Commercial Disputes: When Discussions Before Arbitration are Required

Commercial Disputes: When Discussions Before Arbitration are Required

A salutary lesson has emerged from the English Commercial Court - that contractual parties involved in a dispute must discuss the issues before arbitration.  The expert commercial litigation lawyers at Bahamas law firm ParrisWhittaker are highly experienced in advising and representing commercial parties involved in all kinds of disputes. 

‘Multi-tiered’ dispute resolution

In this case(1), a contractual clause provided for ‘multi-tiered dispute resolution’, which is an increasingly common feature in commercial contracts.  A multi-tiered dispute resolution clause provides for various stages in the resolution of a future dispute involving the contract. This may include arbitration, mediation, negotiation – and informal discussions. Such clauses recognise the importance to the parties of maintaining their commercial relationship, savings costs, and so on. 

Discuss then arbitrate

The court ruled that the clause can be enforceable, and went on to enforce the obligation on the parties to seek to resolve the dispute in good faith, within a limited period of time by friendly discussion before reference to arbitration.   This meant the parties could not begin the arbitration process until discussions had first taken place to try to resolve the matter.

This ruling is in line with a growing trend (particularly in the English judicial system) towards the enforceability of good faith obligations.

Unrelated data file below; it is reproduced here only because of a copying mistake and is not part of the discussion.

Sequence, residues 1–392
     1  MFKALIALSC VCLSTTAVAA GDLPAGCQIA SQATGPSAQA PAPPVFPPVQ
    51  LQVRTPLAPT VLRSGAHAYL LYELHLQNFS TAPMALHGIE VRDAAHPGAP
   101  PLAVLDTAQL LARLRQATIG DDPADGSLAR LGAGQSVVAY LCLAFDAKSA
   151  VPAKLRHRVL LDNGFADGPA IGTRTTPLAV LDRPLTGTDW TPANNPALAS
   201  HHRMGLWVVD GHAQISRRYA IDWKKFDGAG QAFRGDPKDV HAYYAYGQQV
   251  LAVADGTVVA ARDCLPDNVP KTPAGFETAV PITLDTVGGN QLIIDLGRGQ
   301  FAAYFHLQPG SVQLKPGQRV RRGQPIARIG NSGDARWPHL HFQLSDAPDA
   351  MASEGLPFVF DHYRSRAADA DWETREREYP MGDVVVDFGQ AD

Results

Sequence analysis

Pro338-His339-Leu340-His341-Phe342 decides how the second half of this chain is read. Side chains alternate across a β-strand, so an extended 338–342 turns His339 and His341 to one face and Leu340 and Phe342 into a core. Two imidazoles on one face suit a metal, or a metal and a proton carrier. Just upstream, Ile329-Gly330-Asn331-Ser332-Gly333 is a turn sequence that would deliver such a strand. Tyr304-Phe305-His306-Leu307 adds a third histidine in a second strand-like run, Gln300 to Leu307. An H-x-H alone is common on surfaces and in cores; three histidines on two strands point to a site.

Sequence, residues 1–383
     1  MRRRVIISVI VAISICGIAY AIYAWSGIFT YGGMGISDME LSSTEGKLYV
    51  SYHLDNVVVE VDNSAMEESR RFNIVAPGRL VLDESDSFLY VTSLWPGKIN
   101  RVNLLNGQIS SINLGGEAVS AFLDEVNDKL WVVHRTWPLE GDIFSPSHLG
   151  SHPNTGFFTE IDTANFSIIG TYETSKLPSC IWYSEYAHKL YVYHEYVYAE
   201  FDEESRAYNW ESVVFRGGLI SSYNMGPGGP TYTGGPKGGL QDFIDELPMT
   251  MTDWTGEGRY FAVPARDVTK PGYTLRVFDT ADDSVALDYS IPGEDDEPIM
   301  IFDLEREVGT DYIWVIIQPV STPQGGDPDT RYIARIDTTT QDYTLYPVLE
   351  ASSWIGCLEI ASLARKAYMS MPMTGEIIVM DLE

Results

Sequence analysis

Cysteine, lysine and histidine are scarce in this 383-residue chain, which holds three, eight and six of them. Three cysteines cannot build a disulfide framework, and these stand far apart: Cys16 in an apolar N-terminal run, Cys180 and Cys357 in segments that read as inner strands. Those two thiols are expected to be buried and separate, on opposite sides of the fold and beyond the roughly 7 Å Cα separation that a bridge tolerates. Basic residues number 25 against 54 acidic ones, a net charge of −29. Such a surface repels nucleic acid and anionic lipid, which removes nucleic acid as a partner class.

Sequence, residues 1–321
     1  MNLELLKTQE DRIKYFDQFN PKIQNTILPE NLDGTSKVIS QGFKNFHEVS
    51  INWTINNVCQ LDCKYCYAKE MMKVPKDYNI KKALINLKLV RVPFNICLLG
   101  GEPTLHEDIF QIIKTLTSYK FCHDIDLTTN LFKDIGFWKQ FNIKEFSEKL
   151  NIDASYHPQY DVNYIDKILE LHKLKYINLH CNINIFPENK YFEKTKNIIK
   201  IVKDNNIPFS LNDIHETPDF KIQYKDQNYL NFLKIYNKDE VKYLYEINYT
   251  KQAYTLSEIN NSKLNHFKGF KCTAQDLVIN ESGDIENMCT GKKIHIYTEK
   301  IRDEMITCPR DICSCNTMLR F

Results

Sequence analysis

Importantly, the court found that the enforcement of the clause was in the public interest.  The ruling confirms the increasingly willingness of the courts to uphold clear and certain commercial clauses agreed through negotiations by the parties - rather than dismiss them on the basis of uncertainty, and will interpret agreements to give them business efficacy and to reflect the true intentions of the parties.

The disadvantage, however, is that it will most likely lead to inevitable delays should court proceedings or arbitration eventually become necessary should such discussions fail.

What does this mean?

Arbitration clauses and multi-tiered dispute resolution clauses must be negotiated and finalised with care.  Multi-tiered clauses in particular should be carefully considered to ensure each element is fair, clear and certain so as to be upheld by the court.   The parties must then be prepared to abide by the terms agreed, otherwise the other party can apply to court to enforce the terms – incurring costs, delaying resolution of the dispute, and with ramifications for the business interests of both parties.   Taking expert advice is vital at all stages.

How can we help?

The commercial litigation lawyers at Parris Whittaker have years of experience advising commercial organisations on their commercial contracts and on alternatives to litigation.  If you are negotiating the terms of a commercial contract, contact us straightaway for urgent, strategic advice.

(1) Emirates Trading Agency LLC v Prime Mineral Exports Private Limited [2014] EWHC 2014 (Comm)